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Jamaica Kincaid Named Simon’s Rock Commencement Speaker

Jamaica Kincaid, author of a dozen seminal works of fiction and nonfiction, will address graduates of Bard College at Simon’s Rock on Saturday, May 18 at 11:00 a.m.


Known for candid and emotionally honest writing, Kincaid has carved a unique and cherished place in the American literary landscape. Through her books and novels, including Annie John, Lucy, At the Bottom of the River, and A Small Place, she has attracted devoted fans across generations and ethnic boundaries with her distinctive, melodic style and penetrating treatment of social and political issues.

Kincaid’s literary voice is deeply rooted in her experiences as a child in her native Antigua. Growing up under the colonial rule of England instilled a tragic perspective. Says Kincaid, “I never give up thinking about the way I came into the world, how my ancestors came from Africa to the West Indies as slaves. I just never forget it. It’s like a big wave that’s still pulsing.”

Kincaid’s work has been honored with numerous nominations and awards, including the 2014 American Book Award, which celebrates multiculturalism and free expression. Her book, A Small Place, a critical look at the legacies of colonialism in Antigua, inspired the 2001 documentary, Life and Debt, about the impact globalization can have on a developing country.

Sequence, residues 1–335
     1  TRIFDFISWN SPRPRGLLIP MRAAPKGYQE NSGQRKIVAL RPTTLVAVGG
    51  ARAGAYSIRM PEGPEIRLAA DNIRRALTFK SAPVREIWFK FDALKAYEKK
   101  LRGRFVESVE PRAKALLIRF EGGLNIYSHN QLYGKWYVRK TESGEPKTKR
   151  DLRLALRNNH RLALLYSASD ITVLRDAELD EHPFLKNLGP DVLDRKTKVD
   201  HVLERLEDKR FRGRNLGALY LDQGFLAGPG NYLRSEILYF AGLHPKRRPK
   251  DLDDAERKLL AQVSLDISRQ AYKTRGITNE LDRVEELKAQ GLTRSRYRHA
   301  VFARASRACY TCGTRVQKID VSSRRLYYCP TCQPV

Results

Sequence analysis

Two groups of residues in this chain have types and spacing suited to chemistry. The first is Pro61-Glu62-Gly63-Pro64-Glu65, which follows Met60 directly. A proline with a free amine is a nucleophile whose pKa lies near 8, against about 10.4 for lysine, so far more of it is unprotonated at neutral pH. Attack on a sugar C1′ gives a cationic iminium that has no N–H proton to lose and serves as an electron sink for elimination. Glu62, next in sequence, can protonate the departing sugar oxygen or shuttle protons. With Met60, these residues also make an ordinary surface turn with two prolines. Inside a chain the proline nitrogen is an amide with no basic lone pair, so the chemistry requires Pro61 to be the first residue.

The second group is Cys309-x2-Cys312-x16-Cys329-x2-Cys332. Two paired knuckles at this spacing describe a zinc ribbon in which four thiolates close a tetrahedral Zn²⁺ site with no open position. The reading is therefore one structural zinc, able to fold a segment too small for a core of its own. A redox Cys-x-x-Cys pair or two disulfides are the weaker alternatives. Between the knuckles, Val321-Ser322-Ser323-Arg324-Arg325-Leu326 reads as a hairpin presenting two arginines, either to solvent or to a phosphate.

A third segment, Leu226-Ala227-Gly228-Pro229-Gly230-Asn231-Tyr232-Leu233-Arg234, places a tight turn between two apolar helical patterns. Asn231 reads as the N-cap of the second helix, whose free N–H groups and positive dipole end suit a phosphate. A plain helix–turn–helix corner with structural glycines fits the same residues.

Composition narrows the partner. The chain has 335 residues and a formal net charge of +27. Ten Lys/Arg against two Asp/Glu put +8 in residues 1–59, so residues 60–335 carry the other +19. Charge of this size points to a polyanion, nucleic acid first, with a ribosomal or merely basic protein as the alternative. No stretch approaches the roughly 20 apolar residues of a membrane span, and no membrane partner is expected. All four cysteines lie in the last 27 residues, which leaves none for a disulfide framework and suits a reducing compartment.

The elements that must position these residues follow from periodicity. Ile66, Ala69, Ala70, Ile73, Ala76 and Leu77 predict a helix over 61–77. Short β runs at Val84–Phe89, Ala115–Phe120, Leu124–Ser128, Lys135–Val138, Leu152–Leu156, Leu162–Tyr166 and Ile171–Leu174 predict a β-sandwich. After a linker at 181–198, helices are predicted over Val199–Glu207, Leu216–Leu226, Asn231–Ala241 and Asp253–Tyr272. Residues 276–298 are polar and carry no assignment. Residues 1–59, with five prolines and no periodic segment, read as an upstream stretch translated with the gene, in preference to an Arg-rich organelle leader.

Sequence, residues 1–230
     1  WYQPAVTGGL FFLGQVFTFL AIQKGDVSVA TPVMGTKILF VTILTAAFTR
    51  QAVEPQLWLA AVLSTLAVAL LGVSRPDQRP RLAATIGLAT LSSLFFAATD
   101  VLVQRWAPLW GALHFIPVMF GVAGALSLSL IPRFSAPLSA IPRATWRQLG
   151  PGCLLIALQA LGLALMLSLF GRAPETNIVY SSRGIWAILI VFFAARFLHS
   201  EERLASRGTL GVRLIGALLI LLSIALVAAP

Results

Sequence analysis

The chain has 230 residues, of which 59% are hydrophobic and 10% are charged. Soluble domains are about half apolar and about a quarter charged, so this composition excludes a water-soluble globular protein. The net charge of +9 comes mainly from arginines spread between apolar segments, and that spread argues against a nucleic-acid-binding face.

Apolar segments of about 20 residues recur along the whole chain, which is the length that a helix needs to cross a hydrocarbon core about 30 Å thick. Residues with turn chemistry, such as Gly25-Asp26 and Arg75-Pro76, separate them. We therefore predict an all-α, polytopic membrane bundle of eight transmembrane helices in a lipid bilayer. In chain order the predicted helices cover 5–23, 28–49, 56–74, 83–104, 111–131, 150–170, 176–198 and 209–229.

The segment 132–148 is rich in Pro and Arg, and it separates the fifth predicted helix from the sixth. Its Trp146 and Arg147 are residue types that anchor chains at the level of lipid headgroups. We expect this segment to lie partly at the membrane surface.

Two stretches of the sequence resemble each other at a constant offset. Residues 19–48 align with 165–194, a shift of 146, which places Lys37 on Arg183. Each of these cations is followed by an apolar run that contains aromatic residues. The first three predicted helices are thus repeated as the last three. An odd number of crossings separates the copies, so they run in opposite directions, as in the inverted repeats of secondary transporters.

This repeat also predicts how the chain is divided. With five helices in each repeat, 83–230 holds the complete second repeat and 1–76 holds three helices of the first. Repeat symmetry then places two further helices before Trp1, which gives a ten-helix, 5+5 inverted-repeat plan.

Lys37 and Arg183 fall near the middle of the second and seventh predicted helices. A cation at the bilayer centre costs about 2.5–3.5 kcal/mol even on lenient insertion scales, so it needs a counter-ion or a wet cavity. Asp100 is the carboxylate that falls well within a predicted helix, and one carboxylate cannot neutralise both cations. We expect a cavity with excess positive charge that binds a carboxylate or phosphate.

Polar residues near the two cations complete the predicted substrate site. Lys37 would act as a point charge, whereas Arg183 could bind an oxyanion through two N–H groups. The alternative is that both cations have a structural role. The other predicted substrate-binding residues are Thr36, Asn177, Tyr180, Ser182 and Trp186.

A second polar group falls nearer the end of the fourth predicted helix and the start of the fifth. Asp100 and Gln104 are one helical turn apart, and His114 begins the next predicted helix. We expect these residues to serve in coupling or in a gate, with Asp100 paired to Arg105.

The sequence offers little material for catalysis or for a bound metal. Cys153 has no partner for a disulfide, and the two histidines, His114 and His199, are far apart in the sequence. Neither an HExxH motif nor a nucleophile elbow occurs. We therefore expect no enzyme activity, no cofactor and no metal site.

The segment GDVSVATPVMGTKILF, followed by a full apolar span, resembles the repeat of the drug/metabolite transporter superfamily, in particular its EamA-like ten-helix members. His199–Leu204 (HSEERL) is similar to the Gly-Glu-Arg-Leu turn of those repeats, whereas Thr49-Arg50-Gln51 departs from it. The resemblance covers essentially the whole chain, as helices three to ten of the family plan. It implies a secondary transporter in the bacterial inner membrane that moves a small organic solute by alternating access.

“Professor Kincaid’s work has been taught in many courses at Simon’s Rock,” said Ian Bickford, provost and vice president of Bard College at Simon’s Rock. “Her experimental way of proceeding in language, commitment to questioning the super- and sub-structures of political and social authority, and perspective as an Antiguan-American immigrant and intellectual will resonate, I believe, with the values we hope to emphasize in our community, especially on this celebratory occasion.”

Kincaid started her career as a staff writer and feature columnist for The New Yorker for nine years. She began her academic career in 1991 at Harvard University, holding joint appointments in the English and African-American Studies departments. Today, she is the Professor of African and African American Studies in Residence at Harvard University.